Minimal Control Could Mean Great Doubles

9

Imposing some degree of control can increase the probability that your doubles will turn out good.

Credits: renenob

Double exposure is one the most common techniques that lomographers enjoy. The idea of two images from two places, from two different points in time, in a single frame is truly fascinating, especially if the images seem to complement or relate to each other in a serendipitous way. However, if we completely rely on luck, and trial and error, then the chances of achieving great doubles become less probable. So, if you would ask me, I think that imposing minimal control in terms of aligning the frames and choosing what to shoot increases that probability.

On Aligning Frames

Aligning frames is not a problem for cameras which have a Multiple Exposure switch such as the LC-A+, Fisheye, and La Sardina, which you intend to use. However, if you plan to shoot an entire roll, rewind it and load it to another camera (such as what we do in film swap) then mark the first two frames with a permanent marker to be used as guide when you load it to another camera. This can assure that the frames are somehow aligned. Of, course others actually prefer that the frames are misaligned for more bizarre results, but as for my experience, misaligned frames are very difficult to scan for laboratories, and sometimes they crop the photos the way you would not want it to be.

*On Choosing Subjects to Shoot *

Another form of control would be in terms of what to shoot. This is merely based on my experience in doing doubles, as well as appreciating others’ doubles. I noticed that for the most part, good doubles are those which demonstrate the basic foreground/background principle. When I shoot two foregrounds or two background, they do not normally work. Imposing some control in your choices, at least for one of the two layers of images, can increase the chance of achieving good doubles. Here are some background suggestions for you to try:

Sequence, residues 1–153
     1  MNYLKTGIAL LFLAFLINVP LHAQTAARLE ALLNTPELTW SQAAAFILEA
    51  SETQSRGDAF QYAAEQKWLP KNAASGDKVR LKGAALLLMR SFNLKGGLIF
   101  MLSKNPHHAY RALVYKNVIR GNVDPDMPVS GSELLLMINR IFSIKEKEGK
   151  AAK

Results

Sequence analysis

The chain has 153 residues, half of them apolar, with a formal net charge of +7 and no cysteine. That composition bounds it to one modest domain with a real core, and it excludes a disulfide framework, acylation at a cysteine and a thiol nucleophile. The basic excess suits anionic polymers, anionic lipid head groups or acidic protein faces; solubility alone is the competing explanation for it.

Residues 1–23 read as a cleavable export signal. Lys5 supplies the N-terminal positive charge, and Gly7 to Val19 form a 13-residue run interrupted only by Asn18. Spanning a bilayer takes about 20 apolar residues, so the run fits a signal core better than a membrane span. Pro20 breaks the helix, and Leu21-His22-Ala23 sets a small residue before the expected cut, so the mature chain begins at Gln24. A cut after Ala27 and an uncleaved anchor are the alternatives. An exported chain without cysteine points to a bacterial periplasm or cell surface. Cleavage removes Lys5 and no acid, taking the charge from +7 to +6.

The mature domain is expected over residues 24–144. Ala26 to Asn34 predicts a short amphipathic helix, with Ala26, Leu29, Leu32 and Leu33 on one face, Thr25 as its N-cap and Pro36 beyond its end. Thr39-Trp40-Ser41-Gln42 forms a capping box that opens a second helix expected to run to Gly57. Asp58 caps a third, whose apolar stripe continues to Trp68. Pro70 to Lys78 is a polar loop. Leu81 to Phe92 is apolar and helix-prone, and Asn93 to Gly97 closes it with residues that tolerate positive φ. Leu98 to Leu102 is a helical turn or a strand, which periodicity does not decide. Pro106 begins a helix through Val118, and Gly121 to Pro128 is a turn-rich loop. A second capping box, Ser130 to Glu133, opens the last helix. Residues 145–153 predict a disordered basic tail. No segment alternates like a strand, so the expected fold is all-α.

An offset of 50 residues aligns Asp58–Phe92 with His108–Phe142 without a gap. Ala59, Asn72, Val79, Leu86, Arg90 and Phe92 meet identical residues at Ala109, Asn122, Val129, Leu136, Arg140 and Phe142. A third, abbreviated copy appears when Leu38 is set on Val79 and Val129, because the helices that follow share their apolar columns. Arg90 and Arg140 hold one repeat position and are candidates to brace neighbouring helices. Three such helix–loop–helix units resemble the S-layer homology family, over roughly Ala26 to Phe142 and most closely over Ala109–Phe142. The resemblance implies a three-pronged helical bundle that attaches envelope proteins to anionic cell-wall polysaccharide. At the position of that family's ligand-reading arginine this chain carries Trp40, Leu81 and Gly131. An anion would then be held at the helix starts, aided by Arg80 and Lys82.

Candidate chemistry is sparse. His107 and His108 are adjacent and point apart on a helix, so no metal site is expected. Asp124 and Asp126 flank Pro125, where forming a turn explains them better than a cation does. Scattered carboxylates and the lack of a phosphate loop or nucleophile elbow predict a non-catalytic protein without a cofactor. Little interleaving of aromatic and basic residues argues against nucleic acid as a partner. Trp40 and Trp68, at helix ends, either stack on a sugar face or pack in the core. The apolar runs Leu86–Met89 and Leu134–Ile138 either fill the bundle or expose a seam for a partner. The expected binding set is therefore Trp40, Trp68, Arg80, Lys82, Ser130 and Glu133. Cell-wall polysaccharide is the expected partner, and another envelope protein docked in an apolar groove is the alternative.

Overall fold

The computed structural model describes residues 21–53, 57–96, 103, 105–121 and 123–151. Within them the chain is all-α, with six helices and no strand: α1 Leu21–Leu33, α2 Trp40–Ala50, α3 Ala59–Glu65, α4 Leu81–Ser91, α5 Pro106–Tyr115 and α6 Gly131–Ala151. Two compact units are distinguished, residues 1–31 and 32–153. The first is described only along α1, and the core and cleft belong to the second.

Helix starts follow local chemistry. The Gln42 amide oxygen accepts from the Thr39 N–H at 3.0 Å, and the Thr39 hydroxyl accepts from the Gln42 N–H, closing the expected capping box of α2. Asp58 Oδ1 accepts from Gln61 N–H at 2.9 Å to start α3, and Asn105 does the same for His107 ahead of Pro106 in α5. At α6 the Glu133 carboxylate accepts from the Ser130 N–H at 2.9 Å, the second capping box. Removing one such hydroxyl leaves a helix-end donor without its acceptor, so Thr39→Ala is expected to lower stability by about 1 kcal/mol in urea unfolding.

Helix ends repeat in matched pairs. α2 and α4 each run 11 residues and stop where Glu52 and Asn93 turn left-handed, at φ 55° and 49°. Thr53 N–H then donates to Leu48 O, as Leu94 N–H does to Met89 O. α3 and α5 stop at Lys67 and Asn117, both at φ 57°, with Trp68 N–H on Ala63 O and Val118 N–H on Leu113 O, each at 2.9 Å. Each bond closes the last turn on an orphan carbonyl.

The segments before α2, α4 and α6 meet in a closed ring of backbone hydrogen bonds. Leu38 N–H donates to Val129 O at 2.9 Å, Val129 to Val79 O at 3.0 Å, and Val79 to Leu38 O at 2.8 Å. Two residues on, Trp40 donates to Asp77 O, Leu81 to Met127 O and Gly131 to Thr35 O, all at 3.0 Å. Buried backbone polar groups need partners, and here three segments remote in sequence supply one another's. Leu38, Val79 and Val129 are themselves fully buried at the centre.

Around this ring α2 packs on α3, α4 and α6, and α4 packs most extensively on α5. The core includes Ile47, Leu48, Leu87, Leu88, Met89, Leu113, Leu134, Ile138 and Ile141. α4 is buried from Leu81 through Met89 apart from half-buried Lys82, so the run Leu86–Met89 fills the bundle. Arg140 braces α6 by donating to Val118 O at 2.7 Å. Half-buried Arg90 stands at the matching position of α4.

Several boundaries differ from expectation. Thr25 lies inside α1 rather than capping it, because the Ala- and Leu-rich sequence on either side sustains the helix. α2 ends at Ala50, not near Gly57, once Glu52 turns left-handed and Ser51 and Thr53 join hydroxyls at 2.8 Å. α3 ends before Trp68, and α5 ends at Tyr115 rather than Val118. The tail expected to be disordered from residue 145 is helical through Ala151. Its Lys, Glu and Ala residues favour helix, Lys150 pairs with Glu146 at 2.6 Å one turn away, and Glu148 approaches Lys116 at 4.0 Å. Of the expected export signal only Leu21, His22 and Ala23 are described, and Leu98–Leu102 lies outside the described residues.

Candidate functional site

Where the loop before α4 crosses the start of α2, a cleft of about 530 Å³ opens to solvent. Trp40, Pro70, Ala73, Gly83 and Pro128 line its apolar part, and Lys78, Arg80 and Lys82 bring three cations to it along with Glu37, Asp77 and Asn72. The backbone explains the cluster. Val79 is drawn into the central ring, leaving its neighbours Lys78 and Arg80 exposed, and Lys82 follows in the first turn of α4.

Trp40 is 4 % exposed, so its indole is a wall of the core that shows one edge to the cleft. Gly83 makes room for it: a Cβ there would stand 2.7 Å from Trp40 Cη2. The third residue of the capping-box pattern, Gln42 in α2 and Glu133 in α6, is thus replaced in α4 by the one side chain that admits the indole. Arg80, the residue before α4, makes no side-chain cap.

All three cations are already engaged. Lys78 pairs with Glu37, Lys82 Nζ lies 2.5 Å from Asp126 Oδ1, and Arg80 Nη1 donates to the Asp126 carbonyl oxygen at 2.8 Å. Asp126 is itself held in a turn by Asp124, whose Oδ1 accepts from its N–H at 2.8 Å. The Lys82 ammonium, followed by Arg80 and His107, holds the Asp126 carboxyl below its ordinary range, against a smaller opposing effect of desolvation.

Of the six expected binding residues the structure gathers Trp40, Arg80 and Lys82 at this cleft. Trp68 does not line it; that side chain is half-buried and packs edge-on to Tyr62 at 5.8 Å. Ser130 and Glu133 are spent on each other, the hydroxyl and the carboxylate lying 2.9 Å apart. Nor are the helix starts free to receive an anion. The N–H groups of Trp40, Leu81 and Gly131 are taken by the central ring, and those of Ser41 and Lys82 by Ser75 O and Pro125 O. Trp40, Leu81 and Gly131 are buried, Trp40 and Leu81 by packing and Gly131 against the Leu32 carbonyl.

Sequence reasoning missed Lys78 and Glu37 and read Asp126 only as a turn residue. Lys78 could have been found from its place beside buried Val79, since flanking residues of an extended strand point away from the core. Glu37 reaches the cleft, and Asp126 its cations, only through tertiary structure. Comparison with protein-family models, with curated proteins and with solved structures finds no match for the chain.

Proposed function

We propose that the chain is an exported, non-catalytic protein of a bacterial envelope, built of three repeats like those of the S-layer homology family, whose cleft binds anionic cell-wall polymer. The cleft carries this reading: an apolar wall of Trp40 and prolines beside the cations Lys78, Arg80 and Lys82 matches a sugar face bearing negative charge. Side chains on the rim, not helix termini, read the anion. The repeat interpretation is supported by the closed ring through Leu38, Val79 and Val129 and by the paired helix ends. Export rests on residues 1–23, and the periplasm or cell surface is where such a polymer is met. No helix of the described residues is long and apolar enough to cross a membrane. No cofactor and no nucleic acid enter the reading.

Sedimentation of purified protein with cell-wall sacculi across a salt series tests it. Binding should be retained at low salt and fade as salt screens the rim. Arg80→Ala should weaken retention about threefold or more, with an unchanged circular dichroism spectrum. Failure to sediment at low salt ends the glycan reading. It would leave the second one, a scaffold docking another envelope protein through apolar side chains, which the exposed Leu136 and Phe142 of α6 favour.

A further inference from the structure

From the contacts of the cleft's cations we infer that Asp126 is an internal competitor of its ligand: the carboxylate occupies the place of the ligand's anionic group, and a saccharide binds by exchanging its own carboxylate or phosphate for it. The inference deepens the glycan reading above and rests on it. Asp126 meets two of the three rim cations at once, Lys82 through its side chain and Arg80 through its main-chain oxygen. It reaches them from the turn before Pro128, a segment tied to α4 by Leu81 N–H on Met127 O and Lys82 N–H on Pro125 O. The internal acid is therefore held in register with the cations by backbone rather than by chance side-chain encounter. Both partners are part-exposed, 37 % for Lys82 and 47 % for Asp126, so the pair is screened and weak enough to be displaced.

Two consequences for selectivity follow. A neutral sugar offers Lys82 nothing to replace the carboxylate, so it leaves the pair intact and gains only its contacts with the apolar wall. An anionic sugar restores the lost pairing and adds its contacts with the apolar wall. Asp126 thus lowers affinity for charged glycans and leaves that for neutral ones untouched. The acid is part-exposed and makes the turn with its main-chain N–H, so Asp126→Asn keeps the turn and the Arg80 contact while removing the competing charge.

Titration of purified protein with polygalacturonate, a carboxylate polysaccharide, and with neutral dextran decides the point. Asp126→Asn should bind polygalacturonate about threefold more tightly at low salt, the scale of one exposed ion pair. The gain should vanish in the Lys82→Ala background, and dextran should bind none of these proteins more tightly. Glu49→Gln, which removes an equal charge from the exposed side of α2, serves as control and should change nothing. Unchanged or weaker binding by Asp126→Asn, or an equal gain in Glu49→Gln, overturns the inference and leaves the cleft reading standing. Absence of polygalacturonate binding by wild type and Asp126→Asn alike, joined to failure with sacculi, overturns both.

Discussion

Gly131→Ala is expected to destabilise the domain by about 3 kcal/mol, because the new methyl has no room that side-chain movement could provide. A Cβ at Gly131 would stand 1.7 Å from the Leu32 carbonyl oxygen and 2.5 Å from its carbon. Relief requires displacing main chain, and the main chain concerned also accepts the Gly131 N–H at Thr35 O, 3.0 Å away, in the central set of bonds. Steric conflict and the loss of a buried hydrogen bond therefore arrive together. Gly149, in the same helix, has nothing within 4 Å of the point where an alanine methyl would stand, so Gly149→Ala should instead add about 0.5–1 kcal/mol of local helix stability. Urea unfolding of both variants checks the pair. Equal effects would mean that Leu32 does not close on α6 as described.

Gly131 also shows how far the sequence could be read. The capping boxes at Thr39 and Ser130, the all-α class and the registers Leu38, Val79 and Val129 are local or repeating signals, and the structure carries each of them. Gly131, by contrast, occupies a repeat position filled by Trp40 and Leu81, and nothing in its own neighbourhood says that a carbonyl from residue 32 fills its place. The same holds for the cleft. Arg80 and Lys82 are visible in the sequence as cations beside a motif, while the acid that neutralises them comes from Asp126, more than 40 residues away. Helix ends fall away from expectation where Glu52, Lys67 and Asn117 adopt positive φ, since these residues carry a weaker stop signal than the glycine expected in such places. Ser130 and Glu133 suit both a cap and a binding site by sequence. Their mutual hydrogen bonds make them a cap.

Cloud formations are great background subjects for doubles, especially the once that are a bit dark and shows some silver lining.

Credits: renenob & stitch

Trees braches and leaves are also great.

Credits: renenob

Flowers, especially when there are a lot of them.

Credits: renenob

Dark colored or textured walls work well too.

Credits: renenob

Shadows or shaded areas ascertain that there is enough room for another image.

Credits: renenob

Light colored texts on dark background are a joy as well.

Credits: renenob

Light paintings or computer generated lighting or colored slide presentations for Revolog imitations.

Credits: icuresick & renenob

Dark colored patterns and textures.

Credits: renenob

Umbrellas under the sun are awesome too.

Credits: icuresick & renenob

Silhouettes are a must.

Credits: renenob

There are other ways to improve your doubles technique, but if you try any of these suggested backgrounds and pair them with as distinguishable foreground, half the battle is almost won.

written by renenob on 2012-07-25 in #gear #tipster #exposure #mx #doubles #multiple #layers #lomography #camera #tipsters #tipster

9 Comments

  1. tisburylane-
    tisburylane- ·

    Wonderful MX ideas! I'm a fan of using trees and flowers myself. :) Maybe this is a dumb question (it's nearly midnight here, so don't blame me), but how exactly can you tell the first two frames in order to mark them without ruining the roll? And do you have any tips for making sure you don't rewind all the way?

  2. eva_eva
    eva_eva ·

    Beautiful doubles! :)

  3. 134340
    134340 ·

    GREAT!

  4. renenob
    renenob ·

    @tisburylane-, You must mark the first two frames before shooting. after loading the film, advance it then open the camera back and mark the first frame. Then, close it again and advance, open again and mark. Close it finally and you are good to go. in rewinding, do it slowing and anticipate any sound or vibration that might suggest that you have rewound enough.

  5. renenob
    renenob ·

    @tisburylane-, You must mark the first two frames before shooting. after loading the film, advance it then open the camera back and mark the first frame. Then, close it again and advance, open again and mark. Close it finally and you are good to go. in rewinding, do it slowing and anticipate any sound or vibration that might suggest that you have rewound enough.

  6. dearjme
    dearjme ·

    beautiful collection of mx! i love the one with the leaf background, especially.

  7. yo_soy_sebastian
    yo_soy_sebastian ·

    Great advice! As a rookie in the photographic world, I'm anxious to utilize the ideas you provided !

  8. saidseni
    saidseni ·

    I got to the same conclusions! Great article!

  9. gatokinetik-o
    gatokinetik-o ·

    Beautiful 2bles indeed. Thanks!

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